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Many signs in NYC could use an artist’s touch. This man is doing it for free, incognito.

Max Kolomatsky, who redesigns fliers and hangs them next to the original, says he wants the new signs to seem like they ‘appeared out of thin air’

Max Kolomatsky, a Brooklyn-based digital artist and filmmaker, has been redesigning fliers around New York. (Max Kolomatsky)
6 min

Earlier this year, Max Kolomatsky, a digital artist and filmmaker, found himself in a creative rut — and he wasn’t sure how to get out of it.

Then one day he was walking the streets of Brooklyn, and an unusual idea hit him. He spotted a flier taped to a pole and decided the sign could use a pick-me-up.

“When I see something poorly designed, it’s in me to imagine how I would do it differently,” said Kolomatsky, 24. “That got me really excited.”

The flier was soliciting people to join a game-night group. Specifically, the group was looking for individuals interested in playing Catan, a popular board game.

“Hey! Do you like to play Catan?” the sign read. “We recently moved to Bushwick and we are searching for people for awesome game board nights!!!!!”

Kolomatsky thought the sign was cluttered and text-heavy. He didn’t know who made it, but he was compelled to give the sign more charm.

He went home that February day, and unable to get it out of his head, he created his own digital illustration that was like the original but “a little bit more fun and magical,” Kolomatsky said.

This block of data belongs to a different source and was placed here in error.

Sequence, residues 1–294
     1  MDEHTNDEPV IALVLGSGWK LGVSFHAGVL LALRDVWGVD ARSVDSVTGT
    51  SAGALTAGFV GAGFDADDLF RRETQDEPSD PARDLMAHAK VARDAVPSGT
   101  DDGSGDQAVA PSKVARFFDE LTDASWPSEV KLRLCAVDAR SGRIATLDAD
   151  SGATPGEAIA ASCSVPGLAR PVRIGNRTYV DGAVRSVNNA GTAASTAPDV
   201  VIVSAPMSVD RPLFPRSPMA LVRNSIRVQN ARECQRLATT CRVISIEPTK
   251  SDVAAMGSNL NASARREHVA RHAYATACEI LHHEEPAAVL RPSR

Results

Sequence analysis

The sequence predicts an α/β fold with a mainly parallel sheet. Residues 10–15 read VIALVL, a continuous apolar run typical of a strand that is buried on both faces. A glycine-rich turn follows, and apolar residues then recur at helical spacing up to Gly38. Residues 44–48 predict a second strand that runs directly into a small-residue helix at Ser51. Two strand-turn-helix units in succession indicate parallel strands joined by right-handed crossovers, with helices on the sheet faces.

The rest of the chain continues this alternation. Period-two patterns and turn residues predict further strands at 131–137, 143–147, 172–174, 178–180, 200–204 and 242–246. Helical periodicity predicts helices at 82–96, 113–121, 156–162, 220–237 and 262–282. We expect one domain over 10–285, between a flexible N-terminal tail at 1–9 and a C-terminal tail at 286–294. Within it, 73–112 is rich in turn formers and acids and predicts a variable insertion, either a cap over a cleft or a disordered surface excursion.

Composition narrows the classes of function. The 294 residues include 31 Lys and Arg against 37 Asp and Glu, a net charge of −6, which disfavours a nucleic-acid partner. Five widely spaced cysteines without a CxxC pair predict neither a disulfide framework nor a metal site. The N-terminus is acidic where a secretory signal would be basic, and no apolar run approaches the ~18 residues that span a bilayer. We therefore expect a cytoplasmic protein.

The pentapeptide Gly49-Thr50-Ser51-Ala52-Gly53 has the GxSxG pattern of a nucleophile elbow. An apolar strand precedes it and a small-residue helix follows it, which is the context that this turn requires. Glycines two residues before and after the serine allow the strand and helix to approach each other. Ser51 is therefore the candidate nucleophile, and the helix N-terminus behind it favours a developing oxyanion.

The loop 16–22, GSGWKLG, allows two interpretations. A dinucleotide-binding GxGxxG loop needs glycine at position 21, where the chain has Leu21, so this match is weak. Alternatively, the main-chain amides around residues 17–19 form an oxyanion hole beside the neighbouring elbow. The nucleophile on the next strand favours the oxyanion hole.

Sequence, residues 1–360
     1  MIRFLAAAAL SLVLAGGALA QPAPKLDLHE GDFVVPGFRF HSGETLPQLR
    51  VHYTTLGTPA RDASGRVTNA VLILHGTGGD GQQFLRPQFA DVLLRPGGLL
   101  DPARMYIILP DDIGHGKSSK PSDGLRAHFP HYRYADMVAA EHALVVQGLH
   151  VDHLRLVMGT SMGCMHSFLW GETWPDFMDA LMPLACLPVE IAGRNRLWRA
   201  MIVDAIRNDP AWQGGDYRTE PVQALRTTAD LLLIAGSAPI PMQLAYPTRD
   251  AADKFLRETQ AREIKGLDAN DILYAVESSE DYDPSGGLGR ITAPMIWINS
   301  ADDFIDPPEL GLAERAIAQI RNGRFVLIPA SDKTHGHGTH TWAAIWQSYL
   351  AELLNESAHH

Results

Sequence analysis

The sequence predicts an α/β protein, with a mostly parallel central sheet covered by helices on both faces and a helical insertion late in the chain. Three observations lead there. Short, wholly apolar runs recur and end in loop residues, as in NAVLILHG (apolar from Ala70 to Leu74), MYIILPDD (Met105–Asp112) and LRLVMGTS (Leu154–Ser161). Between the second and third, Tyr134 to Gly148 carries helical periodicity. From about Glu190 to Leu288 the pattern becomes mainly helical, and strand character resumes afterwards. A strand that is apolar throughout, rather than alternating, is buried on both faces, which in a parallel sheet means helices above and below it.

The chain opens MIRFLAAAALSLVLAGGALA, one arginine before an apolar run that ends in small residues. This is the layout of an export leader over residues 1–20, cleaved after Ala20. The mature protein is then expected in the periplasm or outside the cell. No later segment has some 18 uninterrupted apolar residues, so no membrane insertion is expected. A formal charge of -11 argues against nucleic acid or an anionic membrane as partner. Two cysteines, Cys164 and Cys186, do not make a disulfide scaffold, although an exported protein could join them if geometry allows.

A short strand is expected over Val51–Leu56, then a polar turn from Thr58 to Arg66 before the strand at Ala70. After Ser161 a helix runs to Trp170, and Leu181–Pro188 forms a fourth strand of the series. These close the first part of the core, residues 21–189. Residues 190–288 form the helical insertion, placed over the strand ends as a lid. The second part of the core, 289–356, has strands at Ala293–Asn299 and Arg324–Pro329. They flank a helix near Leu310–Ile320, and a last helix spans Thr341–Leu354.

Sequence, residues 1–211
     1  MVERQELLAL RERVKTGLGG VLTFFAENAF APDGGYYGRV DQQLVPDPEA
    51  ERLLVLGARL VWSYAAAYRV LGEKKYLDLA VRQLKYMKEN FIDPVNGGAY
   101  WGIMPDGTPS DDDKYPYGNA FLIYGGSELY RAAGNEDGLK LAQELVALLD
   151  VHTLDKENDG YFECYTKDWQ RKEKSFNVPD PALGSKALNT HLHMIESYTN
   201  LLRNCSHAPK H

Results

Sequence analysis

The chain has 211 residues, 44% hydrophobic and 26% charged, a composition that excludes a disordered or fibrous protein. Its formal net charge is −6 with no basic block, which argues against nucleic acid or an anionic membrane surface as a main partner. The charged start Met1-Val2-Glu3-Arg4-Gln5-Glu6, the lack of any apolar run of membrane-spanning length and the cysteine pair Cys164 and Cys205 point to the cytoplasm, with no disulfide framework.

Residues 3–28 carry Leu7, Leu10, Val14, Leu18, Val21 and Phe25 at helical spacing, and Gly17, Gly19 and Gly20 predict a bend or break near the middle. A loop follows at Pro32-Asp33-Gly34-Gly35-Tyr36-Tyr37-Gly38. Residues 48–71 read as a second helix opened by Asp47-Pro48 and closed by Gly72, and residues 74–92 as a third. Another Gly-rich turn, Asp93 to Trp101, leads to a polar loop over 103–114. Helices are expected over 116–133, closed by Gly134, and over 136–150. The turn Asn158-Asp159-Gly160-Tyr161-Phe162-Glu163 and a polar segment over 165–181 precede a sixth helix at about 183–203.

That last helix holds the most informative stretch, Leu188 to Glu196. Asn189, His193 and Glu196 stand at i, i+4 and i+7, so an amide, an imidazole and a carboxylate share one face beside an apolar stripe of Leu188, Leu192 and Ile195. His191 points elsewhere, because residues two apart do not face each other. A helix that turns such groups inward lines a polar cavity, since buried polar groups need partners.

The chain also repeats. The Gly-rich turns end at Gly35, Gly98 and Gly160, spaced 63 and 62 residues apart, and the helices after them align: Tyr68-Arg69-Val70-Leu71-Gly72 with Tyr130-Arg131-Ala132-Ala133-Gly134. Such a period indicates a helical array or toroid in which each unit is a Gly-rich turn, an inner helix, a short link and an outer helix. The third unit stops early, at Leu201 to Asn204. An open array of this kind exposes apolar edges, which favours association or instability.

When he was done, he taped the revamped poster to the same pole, next to the original.

Maria Barambio, who created the first flier, was tickled to see Kolomatsky’s overhauled version.

“I have very limited knowledge of photoshop,” said Barambio, 32, who moved to Brooklyn from Paris in July. “What he did was super heartwarming. It was very cool.”

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Kolomatsky’s redesign reignited his creative spark. He started noticing that there were signs all over New York that could use an artist’s touch.

“There are a lot of interesting fliers out there,” he said, noting that many were not achieving their full potential.

So he stayed on the lookout for other signs to improve, specifically ones for local businesses. He wanted to support those who would appreciate his work the most.

“I’m definitely focused on people that could use the assistance,” said Kolomatsky. “Good design really can benefit a small business.”

His next project was for a small appliance shop in Brooklyn called Jose’s Refrigerator & Stove. Behind the store window, he noticed a boring and tattered sign, written in Sharpie, and decided to give it a makeover.

Kolomatsky maintained the original sign’s simple black-and-white look, but he added bolder text, a cleaner layout, plus illustrations of a refrigerator, a stove and tools.

Rather than hand-deliver the finished piece to the store owner, Kolomatsky simply taped it outside the window, above the original.

“I like to think that from their perspective, it sort of appeared out of thin air,” he said.

Jose Muhammad, who has owned the store for 38 years, was stunned to see the sign when he arrived for work one morning.